Driving involves a highly complex interaction between eyes, brain and muscles, and the ability to solve complicated problems. Dementia can affect driving ability in a number of ways, including:
Having a diagnosis of dementia doesn’t necessarily mean that you need to stop driving immediately.
In all States and Territories, except Western Australia, drivers have an obligation to tell their licensing authority of any medical condition that might affect their ability to drive safely. Dementia is one of the medical conditions that need to be disclosed because it may affect a person’s driving ability.
The driving authority will generally advise the driver to see a doctor who will assess whether it is safe to keep driving for a period of time. If the doctor determines that dementia is affecting the person’s ability to drive, then the licensing authority in most States and Territories can place conditions on their licence. These conditions might be that they can only drive close to home, or at certain times or below 100km/h. Regular medical and driving tests might be required.
Any changes in your ability to drive may mean that you should stop. The following checklist may help you consider whether any changes are occurring.
When driving do you:
If you have noticed any of these changes, in the interest of your own and other
people’s safety, you might need to consider giving up driving. If you are not sure, it is a good idea to have a driving test as an objective assessment of your driving. These tests can assess your driving ability and give you feedback on your performance. Alzheimer’s Australia can provide more information about these driving tests.
Even if you have not noticed any of these changes, you might like to ask a friend or family member their opinion of your driving skills.
The most important thing is your safety and the safety of others.
Eventually your illness will affect your ability to drive. Some people decide to voluntarily relinquish their licence. Doctors will sometimes recommend that a person should stop driving.
Some people find giving up driving one of the hardest things to do. Your car may be an important part of your independence, and without it your life may change.
You may feel angry, frustrated or upset about this change. Talking about these feelings, or asking a trusted family member, friend or Alzheimer’s Australia counsellor for information may help.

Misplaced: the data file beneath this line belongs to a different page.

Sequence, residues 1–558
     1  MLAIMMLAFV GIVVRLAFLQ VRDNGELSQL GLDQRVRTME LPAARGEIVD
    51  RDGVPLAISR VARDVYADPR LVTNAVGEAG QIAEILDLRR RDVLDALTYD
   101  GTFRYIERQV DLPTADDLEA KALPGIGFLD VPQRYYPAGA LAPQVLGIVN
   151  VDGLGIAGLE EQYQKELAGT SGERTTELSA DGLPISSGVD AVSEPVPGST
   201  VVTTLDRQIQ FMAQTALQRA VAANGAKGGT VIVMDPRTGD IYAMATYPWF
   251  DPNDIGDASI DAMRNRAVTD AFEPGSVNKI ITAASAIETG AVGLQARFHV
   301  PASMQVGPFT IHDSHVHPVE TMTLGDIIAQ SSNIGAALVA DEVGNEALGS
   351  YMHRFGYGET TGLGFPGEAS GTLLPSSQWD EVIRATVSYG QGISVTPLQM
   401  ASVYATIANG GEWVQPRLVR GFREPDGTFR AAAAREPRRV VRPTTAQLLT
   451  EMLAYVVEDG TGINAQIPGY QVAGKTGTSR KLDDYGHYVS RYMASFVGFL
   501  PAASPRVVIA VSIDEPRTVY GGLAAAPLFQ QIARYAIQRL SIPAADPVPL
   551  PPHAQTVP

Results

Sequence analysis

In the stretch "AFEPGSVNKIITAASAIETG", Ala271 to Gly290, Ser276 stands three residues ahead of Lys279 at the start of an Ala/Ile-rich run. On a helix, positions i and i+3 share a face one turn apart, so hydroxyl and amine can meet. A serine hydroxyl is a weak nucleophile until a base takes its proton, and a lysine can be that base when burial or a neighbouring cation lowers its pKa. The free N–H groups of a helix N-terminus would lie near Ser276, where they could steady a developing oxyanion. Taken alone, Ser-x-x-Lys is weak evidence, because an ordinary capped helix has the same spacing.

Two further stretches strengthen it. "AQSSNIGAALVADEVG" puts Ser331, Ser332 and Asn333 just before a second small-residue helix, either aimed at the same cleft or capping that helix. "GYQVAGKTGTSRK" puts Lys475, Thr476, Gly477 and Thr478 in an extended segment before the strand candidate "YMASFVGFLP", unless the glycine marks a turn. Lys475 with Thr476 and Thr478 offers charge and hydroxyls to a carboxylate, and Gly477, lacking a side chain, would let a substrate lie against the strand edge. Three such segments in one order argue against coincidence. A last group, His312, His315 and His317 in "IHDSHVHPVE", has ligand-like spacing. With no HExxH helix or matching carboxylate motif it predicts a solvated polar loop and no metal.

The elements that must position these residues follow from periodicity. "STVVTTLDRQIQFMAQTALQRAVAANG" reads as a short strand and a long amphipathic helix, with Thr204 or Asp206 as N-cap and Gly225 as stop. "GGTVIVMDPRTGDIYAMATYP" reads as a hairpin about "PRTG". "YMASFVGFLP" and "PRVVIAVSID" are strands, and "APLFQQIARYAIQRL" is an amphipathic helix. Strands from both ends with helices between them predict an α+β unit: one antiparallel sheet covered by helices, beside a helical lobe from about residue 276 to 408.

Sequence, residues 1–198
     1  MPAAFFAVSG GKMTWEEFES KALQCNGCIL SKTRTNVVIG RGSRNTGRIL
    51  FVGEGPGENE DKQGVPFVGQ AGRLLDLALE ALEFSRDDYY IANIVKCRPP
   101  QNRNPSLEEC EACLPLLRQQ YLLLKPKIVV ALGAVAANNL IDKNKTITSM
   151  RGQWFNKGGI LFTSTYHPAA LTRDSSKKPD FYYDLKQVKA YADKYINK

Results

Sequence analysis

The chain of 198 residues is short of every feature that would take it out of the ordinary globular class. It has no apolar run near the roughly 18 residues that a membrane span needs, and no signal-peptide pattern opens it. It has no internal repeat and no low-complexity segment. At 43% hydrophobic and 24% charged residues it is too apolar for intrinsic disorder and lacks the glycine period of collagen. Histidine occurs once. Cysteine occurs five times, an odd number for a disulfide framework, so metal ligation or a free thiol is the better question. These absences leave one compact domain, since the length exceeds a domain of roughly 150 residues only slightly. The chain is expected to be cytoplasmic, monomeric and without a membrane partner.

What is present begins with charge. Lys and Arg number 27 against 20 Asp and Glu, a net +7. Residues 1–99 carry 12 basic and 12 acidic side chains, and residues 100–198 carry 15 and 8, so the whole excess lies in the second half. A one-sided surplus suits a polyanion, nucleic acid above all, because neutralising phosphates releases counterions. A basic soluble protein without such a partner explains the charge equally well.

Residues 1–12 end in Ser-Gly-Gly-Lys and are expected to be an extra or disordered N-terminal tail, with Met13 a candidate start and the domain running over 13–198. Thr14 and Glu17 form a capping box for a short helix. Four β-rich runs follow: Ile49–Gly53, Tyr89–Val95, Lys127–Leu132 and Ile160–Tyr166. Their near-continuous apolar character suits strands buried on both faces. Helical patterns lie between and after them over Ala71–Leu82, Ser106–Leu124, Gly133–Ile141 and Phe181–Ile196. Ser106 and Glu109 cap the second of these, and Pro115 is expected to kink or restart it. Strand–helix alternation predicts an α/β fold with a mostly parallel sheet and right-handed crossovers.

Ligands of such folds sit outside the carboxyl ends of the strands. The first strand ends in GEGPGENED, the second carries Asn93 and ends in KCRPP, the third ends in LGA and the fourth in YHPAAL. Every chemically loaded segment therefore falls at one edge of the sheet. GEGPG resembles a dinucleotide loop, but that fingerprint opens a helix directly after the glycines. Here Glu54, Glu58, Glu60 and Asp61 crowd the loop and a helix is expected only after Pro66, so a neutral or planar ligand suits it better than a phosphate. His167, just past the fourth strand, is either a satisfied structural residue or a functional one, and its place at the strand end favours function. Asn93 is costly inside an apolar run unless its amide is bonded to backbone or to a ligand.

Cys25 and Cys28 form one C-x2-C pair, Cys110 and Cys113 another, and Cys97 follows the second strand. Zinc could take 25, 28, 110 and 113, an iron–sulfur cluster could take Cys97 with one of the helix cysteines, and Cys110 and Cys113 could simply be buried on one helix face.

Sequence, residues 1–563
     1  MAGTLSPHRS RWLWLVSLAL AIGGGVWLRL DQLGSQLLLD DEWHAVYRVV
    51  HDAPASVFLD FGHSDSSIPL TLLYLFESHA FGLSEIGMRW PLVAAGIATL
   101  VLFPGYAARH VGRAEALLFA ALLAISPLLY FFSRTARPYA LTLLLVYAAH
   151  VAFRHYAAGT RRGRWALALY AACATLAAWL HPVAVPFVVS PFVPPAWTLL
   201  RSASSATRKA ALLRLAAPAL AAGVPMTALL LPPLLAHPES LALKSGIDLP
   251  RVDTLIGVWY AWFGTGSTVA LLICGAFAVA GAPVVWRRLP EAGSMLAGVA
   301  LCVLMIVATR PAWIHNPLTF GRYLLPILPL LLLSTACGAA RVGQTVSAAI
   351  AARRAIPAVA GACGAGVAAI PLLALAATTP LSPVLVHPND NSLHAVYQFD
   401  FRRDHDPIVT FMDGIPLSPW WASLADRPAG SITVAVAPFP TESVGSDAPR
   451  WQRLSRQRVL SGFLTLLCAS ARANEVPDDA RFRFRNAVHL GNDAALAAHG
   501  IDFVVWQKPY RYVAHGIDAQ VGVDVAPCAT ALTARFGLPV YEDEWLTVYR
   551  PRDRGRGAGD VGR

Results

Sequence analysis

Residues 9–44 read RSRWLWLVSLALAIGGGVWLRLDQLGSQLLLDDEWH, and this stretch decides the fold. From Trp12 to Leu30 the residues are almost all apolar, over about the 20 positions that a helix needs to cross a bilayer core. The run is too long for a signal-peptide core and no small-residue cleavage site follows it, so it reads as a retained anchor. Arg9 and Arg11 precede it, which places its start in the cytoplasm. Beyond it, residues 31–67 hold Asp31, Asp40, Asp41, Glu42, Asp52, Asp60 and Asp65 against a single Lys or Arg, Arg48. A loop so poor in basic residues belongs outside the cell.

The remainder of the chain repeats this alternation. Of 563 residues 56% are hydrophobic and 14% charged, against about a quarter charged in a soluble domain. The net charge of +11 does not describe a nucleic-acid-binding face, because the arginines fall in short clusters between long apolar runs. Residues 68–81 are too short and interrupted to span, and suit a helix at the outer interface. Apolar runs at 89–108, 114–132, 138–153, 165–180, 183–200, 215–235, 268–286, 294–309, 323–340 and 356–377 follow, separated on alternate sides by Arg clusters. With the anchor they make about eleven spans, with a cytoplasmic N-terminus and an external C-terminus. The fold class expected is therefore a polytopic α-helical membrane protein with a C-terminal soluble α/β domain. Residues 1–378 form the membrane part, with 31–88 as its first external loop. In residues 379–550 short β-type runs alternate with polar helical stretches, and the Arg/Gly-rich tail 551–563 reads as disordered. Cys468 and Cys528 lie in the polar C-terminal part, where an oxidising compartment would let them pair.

If you can find alternatives for getting around you may find giving up driving less stressful. Things to try:
Some people find that there are benefits in no longer driving. The alternatives can be less stressful than driving, the costs are less than those needed to run a car and the scenery can be enjoyed along the way.
Based on I’m told I have dementia, Alzheimer’s Disease Society, UK.
The Living with Memory Loss program is available in each State and Territory. It consists of information and support groups for people living with early stage dementia and their family and friends.
A group program consisting of 6-8 sessions is usually held one day a week for a two-hour session. Ongoing support groups usually meet monthly for some time after the program.
In each case there are two small groups – one for people living with memory loss and the other for family members or friends. People with memory loss may attend alone if desired. The groups may meet separately for part or all of the time.
There are many benefits from taking part in a Living with Memory Loss program. Most people enjoy the chance to obtain information, have questions answered, talk confidentially with others in a similar situation, discuss experiences and express feelings in a safe environment.
“It’s good to know there are others in the same boat.”
“Sharing experiences halves my worries and concerns.”
“At this group you’re not a dot on the landscape. You can talk to other people who understand you.”
The program has a positive focus on maintaining and enhancing skill and abilities and exploring ways of managing now and in the future.
For more information about the Living with Memory Loss program call the National Dementia Helpline on 1800 100 500.
More and more people with dementia are sharing their experiences of being diagnosed with dementia and of living with memory loss. Alzheimer’s Australia in your State or Territory will be able to help you find books or videos of these, as well as resources about dementia and how to manage with the condition.
Contact the National Dementia Helpline on 1800 100 500 for more information.
Last Reviewed: 01 July 2005